The flurry of suspensions by some countries, mainly in Europe, of the AstraZeneca vaccine following reports that a small number of people had developed blood clots after receiving the jabs has drawn a debate among health experts in Nigeria.
It has been over two weeks since Africa’s most populous nation received almost 4 million doses of the Oxford/AstraZeneca vaccines. In Lagos, Nigeria’s largest city and most affected by the disease, authorities said over 12,000 people have been vaccinated 48 hours after the state commenced vaccination.
While Nigeria’s first phase of vaccination is mainly for health workers and other frontline groups, the news that there were side effects among a few people receiving the Oxford jabs in other countries is further escalating the already existing scepticism about the vaccines.
Flurry of suspensions
Austria was the first country to commence an investigation of potential blood clots caused by the AstraZeneca vaccine.
Blood clots are solid clumps that form inside the blood. It can be life-threatening if not treated quickly.
Authorities in Austria said they halted the vaccine rollout while investigating the death of one person and the illness of another after taking the shots, according to Reuters.
In a swift move, at least 15 other countries such as Norway, Thailand, Iceland, Bulgaria, Luxembourg, Estonia, Lithuania, Latvia, DRC Congo, Denmark and Ireland, and some of Europe’s largest economies, Germany, France and Italy, said they were halting the use of the vaccine or some particular batches of it. Some, like Germany and France, have since reversed the suspension of the vaccines.
The suspensions were mostly precautionary as many countries that halted inoculation could not provide concrete evidence of the vaccine causing the effects.
Both the World Health Organization and the European Medicines Agency have insisted that the shot is safe and that countries should continue using it.
The British-Swedish pharmaceutical company, AstraZeneca, also defended its vaccine strongly, stating that there is no link to increased risk of fatal brain haemorrhages and blood clots.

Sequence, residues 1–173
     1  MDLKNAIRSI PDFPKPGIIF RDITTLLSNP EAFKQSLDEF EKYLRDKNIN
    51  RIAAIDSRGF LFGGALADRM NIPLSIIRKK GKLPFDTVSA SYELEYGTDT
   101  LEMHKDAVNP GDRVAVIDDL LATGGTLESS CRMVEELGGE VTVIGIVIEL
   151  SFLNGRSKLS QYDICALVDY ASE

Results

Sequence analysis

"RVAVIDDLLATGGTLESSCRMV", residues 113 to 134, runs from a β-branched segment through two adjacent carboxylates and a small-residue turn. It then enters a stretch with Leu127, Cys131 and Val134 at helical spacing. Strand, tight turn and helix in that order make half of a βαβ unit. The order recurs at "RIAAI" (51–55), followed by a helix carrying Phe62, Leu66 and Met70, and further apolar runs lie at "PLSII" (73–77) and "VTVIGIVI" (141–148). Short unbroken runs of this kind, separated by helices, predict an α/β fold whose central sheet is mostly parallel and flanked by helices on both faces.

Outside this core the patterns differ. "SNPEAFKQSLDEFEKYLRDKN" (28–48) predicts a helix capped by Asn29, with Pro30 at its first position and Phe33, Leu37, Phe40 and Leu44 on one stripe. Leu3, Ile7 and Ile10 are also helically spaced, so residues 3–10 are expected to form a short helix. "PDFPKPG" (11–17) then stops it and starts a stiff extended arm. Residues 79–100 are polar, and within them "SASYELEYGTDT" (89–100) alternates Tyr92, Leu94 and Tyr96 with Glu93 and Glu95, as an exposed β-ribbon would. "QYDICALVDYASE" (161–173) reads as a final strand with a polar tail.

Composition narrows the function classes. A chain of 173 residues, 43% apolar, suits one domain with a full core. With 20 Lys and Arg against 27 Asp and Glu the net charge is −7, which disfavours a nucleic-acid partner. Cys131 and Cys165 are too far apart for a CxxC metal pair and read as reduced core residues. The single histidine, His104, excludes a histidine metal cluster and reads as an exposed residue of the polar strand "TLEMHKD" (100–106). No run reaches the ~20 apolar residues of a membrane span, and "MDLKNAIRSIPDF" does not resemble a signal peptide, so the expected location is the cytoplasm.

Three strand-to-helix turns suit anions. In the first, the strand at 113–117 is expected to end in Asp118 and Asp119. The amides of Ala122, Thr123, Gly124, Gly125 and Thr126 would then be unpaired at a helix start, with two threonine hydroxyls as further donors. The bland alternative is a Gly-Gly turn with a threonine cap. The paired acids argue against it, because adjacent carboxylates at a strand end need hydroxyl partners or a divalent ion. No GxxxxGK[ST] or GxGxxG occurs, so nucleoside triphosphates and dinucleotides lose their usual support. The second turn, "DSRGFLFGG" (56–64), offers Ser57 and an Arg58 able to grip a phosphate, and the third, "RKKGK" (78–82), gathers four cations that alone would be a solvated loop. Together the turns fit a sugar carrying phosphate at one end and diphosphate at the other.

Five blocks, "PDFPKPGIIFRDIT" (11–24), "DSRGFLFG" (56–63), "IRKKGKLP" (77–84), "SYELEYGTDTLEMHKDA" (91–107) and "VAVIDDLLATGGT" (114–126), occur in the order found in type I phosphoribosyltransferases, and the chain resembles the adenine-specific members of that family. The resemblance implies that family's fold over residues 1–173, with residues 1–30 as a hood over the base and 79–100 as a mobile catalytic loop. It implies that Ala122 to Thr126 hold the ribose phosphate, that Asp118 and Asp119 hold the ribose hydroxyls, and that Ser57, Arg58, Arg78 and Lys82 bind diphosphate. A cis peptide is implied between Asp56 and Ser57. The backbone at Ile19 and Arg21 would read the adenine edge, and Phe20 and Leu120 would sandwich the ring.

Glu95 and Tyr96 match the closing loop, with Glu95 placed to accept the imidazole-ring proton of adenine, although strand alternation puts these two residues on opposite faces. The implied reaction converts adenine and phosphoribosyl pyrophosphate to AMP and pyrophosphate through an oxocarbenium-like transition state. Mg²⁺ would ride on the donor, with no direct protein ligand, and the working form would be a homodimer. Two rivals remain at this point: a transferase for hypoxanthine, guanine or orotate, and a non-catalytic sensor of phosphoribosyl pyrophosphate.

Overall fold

“Around 17 million people in the EU and UK have now received our vaccine, and the number of cases of blood clots reported in this group is lower than the hundreds of cases that would be expected among the general population”, Ann Taylor, Oxford/AstraZeneca’s chief medical officer, said in a statement.
Amid the safety concerns, some high-income countries like the UK and developing countries such as Nigeria and Ghana have chosen to continue the rollout of the Oxford-AstraZeneca vaccine.
Health experts weigh in
While the Nigerian government has repeatedly expressed confidence in the Oxford vaccine, assuring of its safety, health experts that spoke to PREMIUM TIMES shared divergent opinions on concerns raised about the vaccines.
Former chairman of the Nigerian Medical Association, Mike Ogirima, said the move to suspend the rollout of the vaccines by many countries is precautionary “with no objective evidence”.
“WHO has come out to denounce the side effects alluded to Astrazeneca vaccine. Now, we need as a sovereign nation to conduct an evaluation on the recipients of the vaccine locally to ascertain the untoward effects of the vaccine”, the medical doctor said.
“I have not heard of any adverse reactions from Nigerians that have received the vaccines. I am prepared to receive it,” he said.